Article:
Shortly after Kardashian’s glowing post about Diclegis, St. Michael’s Hospital in Toronto published a review of available research on the drug’s effectiveness after one of its staff physicians, Nav Persaud, often found himself prescribing it in his own practice. After looking closely at unpublished results of clinical trials paid for by the Canadian manufacturer of the drug, he stopped prescribing the medication. Diclegis or Diclectin, an antihistamine and vitamin B6 combination, costs about US$600 for 100 tablets. Part of the study Dr. Persaud reviewed found that taking vitamin B6 on its own, which costs between $10 and $20 for a 100-tablet bottle, can be just as effective at treating nausea and comes without any of the potential side effects of the added components of Diclectin. These details seemed to be missing from Kardashian’s follow-up post.

I asked Canadian-American gynecologist Dr. Jen Gunter, a medical influencer in her own right, about the perils of this relationship between the pharmaceutical industry and influencers. “I think celebrity advertising for pharmaceuticals is fraught with concern, given the enormous impact of influencers,” she told me.

And she’s right: influencers’ pervasive ability to push pharmaceuticals into the lives of millions often reaches us at our most intimate and vulnerable. I struggled with hyperemesis gravidarum during both of my pregnancies. The first time, though, I didn’t really understand what was happening to me. I felt isolated, depressed and physically depleted while everyone around me raved about the joys of pregnancy. At the time, I would have tried anything for relief—and was, in fact, prescribed Diclectin myself, which unfortunately didn’t quell my vomiting or nausea.

It’s not just morning sickness drugs. Popular Instagrammers have become the faces for everything from psoriasis medication to birth control to medicinal CBD oil, the latter of which is heavily flogged on the social sphere by everyone from comedians like Aisling Bea to momfluencers like Kristen Bell. So much of what’s insidious about these influencer marketing practices is how they target specific populations often struggling for answers and feeling unheard by traditional avenues of medicine, as many of the pharmaceuticals being pushed are for birth control, morning sickness and endometriosis. All are areas of medical care that have historically disregarded women’s lived realities.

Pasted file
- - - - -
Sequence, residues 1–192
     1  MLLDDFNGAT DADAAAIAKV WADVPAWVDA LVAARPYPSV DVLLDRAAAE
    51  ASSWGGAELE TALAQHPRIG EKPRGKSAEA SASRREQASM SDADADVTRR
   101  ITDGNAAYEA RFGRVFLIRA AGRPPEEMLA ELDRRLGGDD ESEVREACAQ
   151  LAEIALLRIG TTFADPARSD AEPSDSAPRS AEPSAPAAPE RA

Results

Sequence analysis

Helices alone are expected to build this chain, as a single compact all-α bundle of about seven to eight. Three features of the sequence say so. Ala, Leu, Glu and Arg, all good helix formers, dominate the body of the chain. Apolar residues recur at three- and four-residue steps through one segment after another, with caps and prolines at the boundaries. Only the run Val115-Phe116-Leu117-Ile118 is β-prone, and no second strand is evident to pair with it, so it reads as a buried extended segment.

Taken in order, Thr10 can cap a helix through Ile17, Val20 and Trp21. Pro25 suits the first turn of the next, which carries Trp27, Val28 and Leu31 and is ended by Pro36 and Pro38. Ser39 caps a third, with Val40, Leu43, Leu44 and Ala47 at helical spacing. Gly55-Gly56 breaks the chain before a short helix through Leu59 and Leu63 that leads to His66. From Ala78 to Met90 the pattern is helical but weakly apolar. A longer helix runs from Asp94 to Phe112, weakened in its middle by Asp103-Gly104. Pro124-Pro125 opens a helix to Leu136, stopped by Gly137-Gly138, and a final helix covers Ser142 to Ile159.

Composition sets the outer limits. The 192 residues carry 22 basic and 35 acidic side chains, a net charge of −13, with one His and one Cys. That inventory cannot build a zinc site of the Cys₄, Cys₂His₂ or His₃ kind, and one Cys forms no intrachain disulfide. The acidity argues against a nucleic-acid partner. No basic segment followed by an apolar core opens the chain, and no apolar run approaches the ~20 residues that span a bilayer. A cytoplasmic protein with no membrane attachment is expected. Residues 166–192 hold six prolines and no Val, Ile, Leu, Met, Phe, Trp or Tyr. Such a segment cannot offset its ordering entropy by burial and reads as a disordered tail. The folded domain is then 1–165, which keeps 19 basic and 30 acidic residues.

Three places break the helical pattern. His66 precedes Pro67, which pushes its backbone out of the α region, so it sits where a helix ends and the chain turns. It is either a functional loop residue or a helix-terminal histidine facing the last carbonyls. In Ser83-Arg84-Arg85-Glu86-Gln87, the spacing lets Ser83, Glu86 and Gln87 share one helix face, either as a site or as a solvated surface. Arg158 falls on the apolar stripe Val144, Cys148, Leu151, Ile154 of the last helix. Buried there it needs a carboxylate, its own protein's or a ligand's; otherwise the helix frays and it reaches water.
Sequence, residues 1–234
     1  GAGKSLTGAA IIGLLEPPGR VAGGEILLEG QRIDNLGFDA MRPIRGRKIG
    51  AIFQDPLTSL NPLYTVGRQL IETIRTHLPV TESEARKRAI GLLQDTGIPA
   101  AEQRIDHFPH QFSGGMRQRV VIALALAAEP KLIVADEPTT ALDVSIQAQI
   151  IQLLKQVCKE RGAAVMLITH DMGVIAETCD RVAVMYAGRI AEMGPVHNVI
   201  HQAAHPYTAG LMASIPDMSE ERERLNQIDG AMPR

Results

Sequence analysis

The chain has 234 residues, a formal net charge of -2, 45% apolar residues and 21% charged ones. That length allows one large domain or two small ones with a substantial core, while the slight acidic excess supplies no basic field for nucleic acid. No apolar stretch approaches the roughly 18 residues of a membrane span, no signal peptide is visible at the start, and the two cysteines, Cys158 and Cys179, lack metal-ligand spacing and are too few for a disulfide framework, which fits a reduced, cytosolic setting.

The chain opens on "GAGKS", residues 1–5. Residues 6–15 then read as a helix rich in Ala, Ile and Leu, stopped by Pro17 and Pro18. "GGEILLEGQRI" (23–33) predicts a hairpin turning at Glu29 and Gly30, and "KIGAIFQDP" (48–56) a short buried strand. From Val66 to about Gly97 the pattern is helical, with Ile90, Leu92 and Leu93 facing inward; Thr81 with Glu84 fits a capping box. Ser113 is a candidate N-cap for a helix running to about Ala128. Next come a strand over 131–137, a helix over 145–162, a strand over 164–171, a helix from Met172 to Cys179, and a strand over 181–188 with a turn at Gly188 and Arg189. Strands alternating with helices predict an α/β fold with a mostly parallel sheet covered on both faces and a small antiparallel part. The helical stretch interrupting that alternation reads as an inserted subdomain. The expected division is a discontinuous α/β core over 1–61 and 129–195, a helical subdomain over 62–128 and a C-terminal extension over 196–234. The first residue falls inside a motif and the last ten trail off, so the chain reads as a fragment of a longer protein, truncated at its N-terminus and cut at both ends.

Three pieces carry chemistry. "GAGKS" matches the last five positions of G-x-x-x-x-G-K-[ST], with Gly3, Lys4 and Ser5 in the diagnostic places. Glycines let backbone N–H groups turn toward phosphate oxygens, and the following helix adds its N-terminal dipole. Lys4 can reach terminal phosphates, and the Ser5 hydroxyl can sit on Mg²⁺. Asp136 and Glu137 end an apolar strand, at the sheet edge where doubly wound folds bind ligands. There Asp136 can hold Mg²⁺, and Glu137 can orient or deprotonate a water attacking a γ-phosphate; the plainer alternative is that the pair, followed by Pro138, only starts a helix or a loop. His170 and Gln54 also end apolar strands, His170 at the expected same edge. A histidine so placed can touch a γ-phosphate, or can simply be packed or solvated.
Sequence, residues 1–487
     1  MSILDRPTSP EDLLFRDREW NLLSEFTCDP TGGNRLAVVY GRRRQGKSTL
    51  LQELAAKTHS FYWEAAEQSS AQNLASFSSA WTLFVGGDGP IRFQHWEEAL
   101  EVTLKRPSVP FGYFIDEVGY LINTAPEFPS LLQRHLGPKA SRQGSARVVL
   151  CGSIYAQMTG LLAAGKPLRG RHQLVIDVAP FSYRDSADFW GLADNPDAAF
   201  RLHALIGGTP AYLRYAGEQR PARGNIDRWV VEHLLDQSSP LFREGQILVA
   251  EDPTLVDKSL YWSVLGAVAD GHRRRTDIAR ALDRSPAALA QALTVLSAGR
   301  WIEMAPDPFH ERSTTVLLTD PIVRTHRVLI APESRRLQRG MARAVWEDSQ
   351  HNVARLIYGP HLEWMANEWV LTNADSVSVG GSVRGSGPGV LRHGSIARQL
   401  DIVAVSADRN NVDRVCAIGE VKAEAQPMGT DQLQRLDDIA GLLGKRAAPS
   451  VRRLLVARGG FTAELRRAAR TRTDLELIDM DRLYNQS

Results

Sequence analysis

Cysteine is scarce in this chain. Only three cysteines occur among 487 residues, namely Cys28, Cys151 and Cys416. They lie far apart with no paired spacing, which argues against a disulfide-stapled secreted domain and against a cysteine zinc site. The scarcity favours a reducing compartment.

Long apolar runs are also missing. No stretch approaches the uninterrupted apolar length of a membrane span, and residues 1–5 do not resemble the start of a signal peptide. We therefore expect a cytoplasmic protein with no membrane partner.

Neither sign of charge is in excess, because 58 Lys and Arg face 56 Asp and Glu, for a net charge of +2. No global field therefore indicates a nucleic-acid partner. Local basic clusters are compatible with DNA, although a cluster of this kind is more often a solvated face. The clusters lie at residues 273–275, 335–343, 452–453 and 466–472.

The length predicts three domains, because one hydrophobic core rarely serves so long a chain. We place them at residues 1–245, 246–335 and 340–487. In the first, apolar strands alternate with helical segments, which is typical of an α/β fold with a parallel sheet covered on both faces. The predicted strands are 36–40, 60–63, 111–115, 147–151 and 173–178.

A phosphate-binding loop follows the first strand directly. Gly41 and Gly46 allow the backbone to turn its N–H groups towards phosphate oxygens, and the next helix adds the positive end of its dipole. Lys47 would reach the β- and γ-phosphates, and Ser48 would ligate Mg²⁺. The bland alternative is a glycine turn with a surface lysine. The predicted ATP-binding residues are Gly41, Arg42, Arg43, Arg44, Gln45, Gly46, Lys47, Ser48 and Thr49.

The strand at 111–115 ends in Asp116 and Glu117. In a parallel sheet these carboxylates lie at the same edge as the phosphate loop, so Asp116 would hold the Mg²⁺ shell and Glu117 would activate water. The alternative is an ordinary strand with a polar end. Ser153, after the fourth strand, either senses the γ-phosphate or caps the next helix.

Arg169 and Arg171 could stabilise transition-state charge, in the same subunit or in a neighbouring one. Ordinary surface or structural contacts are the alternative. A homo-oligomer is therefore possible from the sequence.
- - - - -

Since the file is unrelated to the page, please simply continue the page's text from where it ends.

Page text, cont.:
But despite our stricter management of drug labelling and advertising in Canada, you can’t geo-block influence on social media, and social media platforms themselves are reluctant to enforce regulations. Addressing the dangers of this type of influence is going to take a multi-pronged approach.

Authorities have just started to take note. Late last month, the Competition Bureau’s Deceptive Marketing Practices Directorate in Canada announced a new push to enforce advertising law in the digital space, and sent letters to 100 brands and ad agencies emphasizing how sponsored influencer posts can—and can’t—advertise. Meanwhile, in the U.S., the FDA recently announced it’s launching a study on drug endorsements by influencers.

These are critical first steps in tempering a relationship that otherwise shows no signs of slowing down. Until then, I’ve started culling influencers from my own Insta feed to make it more reflective of my real friends—and hopefully help avoiding the thrifting of any more misshapen ceramics.